Silvanus P. Thompson.
A meeting to start a new society in order to study the x‑rays was held on 18 March 1897. It was decided that membership should "include all who are interested in the scientific study of the Röntgen Rays," and this decision was to prove crucial to the ethos of the organization. As past president of the BIR Roger Berry said, the Institute "was multidisciplinary at its core." The first general meeting was held on 3 June 1897 at the Medical Society of London and the inaugural meeting held on 5 November 1897, in the old St Martin's Town Hall, with Silvanus Thompson as the first president. The X-Ray Society became the Röntgen Society, and the Archives of Clinical Skiagraphy was adopted by the society as a journal. This journal, started by Sidney Rowland in May 1896, continues today as the British Journal of Radiology.
For a long time, the society met at a variety of locations, including the Institution of Electrical Engineers. And toward the end of the Great War, it moved to the Royal Society of Arts. The period during and after the war was not an easy time for scientific societies and there was considerable financial stress; however, the society kept up a full program of Thursday evening meetings throughout the year.
The original logo of the Röntgen Society.
The concept of a radiological institute was first suggested in 1906 and revived again in 1917. The British Association for the Advancement of Radiology and Physiotherapy (BARP) was founded in 1917 and the Diploma in Medical Radiology and Electrotherapy (DMRE) was set up at the University of Cambridge as the first examination. The BARP formed an institute in 1924 with broad aims, including providing a meeting place for those interested in radiology, providing information of all kinds and having an international influence. Part of the reason for having a physical home was to house a reference library and a museum of radiographic films and lantern slides, and so a house on Welbeck Street was acquired. The modern institute was created in 1927 as an amalgamation of the Röntgen Society and the British Institute of Radiology. Many had worked hard for a long time to enable this merger to come about.
The 1915 radiation protection recommendations.
The Röntgen Society and BIR were involved in many projects, and perhaps the most significant was in November 1915 when in response to progressive concerns on radiation safety, the Society issued "Recommendations for the Protection of X-ray Operators," and the seven recommendations are still relevant today. These recommendations of 1915 were in part a summary of current good practice and paved the way for international standards and recommendations. A further major event was when Godfrey Hounsfield announced the new CT scanner at the annual meeting in 1972.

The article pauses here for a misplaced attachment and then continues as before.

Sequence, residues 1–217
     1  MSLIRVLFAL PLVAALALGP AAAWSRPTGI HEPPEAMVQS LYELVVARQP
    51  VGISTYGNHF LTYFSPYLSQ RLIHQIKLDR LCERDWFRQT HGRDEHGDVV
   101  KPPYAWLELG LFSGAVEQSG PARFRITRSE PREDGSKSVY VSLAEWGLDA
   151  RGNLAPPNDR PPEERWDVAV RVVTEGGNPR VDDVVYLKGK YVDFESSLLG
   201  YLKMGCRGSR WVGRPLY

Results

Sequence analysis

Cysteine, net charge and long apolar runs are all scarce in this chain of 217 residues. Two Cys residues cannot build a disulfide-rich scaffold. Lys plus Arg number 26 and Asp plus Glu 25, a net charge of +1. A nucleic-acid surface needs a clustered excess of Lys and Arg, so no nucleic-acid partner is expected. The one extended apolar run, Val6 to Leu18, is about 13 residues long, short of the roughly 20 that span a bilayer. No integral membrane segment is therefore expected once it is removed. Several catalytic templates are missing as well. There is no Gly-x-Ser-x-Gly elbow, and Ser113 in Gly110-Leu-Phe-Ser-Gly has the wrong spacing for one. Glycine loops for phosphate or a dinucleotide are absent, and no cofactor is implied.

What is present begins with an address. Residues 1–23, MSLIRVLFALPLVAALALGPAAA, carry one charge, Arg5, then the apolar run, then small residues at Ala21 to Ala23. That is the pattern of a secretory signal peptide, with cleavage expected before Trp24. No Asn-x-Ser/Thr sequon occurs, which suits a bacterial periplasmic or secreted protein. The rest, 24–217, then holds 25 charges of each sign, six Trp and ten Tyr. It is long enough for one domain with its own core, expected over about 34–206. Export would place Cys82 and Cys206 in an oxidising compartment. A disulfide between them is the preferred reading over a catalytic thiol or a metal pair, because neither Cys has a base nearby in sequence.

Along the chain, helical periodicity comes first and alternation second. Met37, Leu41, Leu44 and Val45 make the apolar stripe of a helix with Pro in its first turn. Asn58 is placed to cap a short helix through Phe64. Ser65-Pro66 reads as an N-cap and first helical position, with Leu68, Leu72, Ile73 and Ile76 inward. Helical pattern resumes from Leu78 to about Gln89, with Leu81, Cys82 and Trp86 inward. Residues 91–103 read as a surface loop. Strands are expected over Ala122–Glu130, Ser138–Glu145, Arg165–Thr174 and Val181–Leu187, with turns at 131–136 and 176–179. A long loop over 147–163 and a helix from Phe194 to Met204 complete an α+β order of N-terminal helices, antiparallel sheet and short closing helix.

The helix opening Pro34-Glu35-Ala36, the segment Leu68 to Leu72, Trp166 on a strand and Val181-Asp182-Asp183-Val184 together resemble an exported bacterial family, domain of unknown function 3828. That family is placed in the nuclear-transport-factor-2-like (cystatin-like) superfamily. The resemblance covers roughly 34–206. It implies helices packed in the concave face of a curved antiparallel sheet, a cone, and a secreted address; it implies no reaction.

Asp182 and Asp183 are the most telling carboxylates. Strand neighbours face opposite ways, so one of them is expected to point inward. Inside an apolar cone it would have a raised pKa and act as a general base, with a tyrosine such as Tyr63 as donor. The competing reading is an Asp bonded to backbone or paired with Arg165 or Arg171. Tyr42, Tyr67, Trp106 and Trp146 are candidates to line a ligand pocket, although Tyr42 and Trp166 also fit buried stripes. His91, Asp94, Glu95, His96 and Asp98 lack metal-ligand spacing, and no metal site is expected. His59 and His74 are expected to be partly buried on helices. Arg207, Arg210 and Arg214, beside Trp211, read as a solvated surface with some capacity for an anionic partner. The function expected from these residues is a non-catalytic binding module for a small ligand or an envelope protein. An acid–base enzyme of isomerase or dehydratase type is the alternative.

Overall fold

The first CT scanner, the Mark 1 EMI Scanner.
The BIR moved into Portland Place in 1982, with meeting rooms and library facilities. Welbeck Street had been the home since 1922. The time at Welbeck Street had been very happy and it was the center of British radiology. The BIR had only ever leased Welbeck Street for limited terms, and it might have appeared to lack a permanent home. There was sadness when the BIR left the house in Portland Place; however, this facilitated the move into a modern digital organization in 2013 with offices in Farringdon.
From the very beginning, the three pillars of the Institute have been meetings, publications, and a library. However, the nature of these pillars is now radically different from those of the last century for a variety of reasons. For the institute to have a successful future, the nature of meetings, publications and library had to change. It's fascinating to note that as an organization, it now more resembles the structure of early 20th century. The Institute has had many changes during its long history, and we will continue to change to meet the contemporary needs of our members. Meetings, journals, and books can now be viewed online and digitally. However, the aims are the same as those in 1897.
A webinar was held on 8 June 2022 called "The BIR at 125." I will be in conversation with Dr. Emily Grossman, who is a bestselling science author, internationally acclaimed public speaker, and much-loved TV personality. In 2018, Emily was named as the second Honorary STEM Ambassador, alongside astronaut Tim Peake, for her pioneering work in science, technology, engineering, and math (STEM) education and as a role model to young people.
Dr. Adrian Thomas. Image courtesy of the BIR.
Details are available at the BIR website.
Dr. Adrian Thomas is chairman of the International Society for the History of Radiology and honorary historian at the British Institute of Radiology.
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